I can't tell you what the ten best hikes in the country are, but I can tell you what the worst hikes I've done are. All of these hikes were more than merely uninteresting. Some are bad hikes, even under ideal conditions. A few were just marred by unfortunate events.
Peninsula Trail or Sycamore Loop, Indiana. Okay, I did both of these the same weekend and didn't take pictures, so I can't remember which trail it was that was second-growth forest. Young forest isn't unusual, but what made this hike so dreary was that the trees had been planted in rows.
Land Between the Lakes, Tennessee. I've never been able to warm up to this area. I don't find it particularly scenic, but it is particularly ticky. Coming from Nashville, at least, there are so many other better choices that are closer.
Fall Creek Falls, Tennessee. Lovely area. Even this trip had its good parts, like playing in the waterfalls. However, our hike was cut short by angry hornets that scattered our party into two groups and left most of the group nursing stings. (This was after our close encounter with a copperhead.)
Cedars of Lebanon, Tennessee. This is a pretty nice park, and I like the cedar glades of Middle Tennessee. But I did a solo hike there one time where the trail was incredibly poorly marked and, even worse, liberally criss-crossed with spiderwebs. I had the heebie-jeebies for weeks after coming eyeball-to-eyeball with so many spiders.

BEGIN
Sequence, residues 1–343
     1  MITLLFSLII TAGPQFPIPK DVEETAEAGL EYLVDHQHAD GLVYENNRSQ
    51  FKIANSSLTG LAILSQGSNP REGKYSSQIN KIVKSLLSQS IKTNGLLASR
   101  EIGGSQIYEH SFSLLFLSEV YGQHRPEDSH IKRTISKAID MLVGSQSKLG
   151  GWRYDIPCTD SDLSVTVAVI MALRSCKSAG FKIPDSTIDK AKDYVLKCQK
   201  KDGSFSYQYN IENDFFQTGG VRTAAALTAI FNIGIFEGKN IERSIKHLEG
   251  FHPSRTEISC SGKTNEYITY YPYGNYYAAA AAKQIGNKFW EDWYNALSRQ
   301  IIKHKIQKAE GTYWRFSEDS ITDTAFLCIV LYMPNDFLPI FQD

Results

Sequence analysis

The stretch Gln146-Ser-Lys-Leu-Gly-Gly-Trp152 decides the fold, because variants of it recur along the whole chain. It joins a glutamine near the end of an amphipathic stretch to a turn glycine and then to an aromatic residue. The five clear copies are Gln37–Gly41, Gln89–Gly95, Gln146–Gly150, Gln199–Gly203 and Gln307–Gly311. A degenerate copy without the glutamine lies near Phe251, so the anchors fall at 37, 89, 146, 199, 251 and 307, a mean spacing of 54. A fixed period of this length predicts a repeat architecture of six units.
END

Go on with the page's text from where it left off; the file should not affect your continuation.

Pelham Bay, New York. If you take public transit to this hike, you have a 50% chance of being run over as you walk the shoulderless road with cars blazing by just to reach the trailhead. The trail itself is in desperate need of maintenance. Even if it were cleaned up, though, there wouldn't be much "there" there.
Water Valley Overlook, Tennessee. This section of the Natchez Trace was so unpleasant we actually elected to return by the road. The biggest problem, besides few rewards, is that it is also a heavily-used horse trail, and every quarter-mile or so you have to stop to shake mud off of your unbearably heavy boots. Don't do this one barefoot. Pro tip: Leave horse trails to the horses if they get heavy use.
Pennyrile Trail, Kentucky. 13.5 miles, and only the first two or so are remotely interesting. Worse, the trail was created by one man with a vision. Cool in theory, but in practice the trail isn't properly built or maintained, so for about ten of those miles you're walking with one foot higher than the other.